Anyway, if Quaker never claimed it was Ben, they probably just continued to deny (if asked) that Ben is the guy on the label most likely claiming he is just a Ben-like character from the same era as Ben, but not Ben. At all. I mean, I don't know how they answer that question, if asked and perhaps I should have asked them before writing this blog entry but I have only so much time to devote to this particular pursuit. I mean. Really.
Obviously this is a time in my life where myths are dismissed and dreams/illusions are shattered, so feeling the need to take you along on this journey, I will leave you with one last thing that Ben did NOT do.
Did Ben really say that beer is proof of God's love?
There is no evidence to suggest that Ben ever said that beer is proof that God loves us. However, he did have this to say about wine:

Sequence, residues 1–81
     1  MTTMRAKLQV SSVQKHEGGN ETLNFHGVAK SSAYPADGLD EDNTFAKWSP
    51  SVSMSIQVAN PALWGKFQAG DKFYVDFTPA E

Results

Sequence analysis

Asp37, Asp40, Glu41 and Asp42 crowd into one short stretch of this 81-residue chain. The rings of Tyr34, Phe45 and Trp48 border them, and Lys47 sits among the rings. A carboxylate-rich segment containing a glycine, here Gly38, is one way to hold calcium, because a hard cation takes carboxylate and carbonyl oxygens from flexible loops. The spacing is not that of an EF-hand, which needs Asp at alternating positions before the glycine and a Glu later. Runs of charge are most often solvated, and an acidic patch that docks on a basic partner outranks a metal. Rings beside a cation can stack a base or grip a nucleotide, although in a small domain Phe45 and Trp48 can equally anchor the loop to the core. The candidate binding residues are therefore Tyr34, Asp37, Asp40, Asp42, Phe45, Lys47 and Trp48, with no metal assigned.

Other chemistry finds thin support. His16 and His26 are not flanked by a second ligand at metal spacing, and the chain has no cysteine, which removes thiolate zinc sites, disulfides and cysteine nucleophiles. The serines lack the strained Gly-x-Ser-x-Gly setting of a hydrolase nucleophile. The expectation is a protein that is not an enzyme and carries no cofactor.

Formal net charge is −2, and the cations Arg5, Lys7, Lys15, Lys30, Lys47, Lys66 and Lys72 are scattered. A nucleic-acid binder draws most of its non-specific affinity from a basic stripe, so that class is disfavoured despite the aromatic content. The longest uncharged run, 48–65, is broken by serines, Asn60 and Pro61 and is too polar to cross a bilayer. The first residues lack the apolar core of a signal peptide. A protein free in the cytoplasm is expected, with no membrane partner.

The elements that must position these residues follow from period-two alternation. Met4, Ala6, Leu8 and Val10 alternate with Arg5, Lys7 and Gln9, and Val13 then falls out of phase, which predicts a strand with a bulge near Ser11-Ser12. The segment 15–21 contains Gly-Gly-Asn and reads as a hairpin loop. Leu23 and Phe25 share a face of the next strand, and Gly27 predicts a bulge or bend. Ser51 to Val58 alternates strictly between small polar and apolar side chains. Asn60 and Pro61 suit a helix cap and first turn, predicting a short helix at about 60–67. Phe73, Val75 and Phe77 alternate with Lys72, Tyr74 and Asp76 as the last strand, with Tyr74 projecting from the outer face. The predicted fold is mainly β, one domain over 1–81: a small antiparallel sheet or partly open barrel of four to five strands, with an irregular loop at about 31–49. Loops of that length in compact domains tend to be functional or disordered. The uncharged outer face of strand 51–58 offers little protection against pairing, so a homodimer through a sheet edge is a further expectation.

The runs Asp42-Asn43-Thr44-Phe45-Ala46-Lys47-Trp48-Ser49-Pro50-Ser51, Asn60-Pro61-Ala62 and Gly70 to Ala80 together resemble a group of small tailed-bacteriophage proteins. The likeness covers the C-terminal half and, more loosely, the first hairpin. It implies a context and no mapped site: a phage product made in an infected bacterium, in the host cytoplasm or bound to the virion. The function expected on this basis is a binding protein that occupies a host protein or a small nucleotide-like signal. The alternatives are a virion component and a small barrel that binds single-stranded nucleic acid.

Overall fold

We hear of the conversion of water into wine at the marriage in Cana as of a miracle. But this conversion is, through the goodness of God, made every day before our eyes. Behold the rain which descends from heaven upon our vineyards; there it enters the roots of the vines, to be changed into wine; a constant proof that God loves us, and loves to see us happy. The miracle in question was only performed to hasten the operation, under circumstances of present necessity, which required it.So, Old Ben, My Man Ben said it was WINE, not beer that is constant proof that God loves us and loves to see us happy. Now, I could have told you that, but I'm not Ben Franklin so why would you listen to me? Is my face on an oatmeal box? No.
Oh, and by the way, this isn't the only time that Ben was involved in a case of mistaken identity. Remember when Ben was mistaken for a stripper?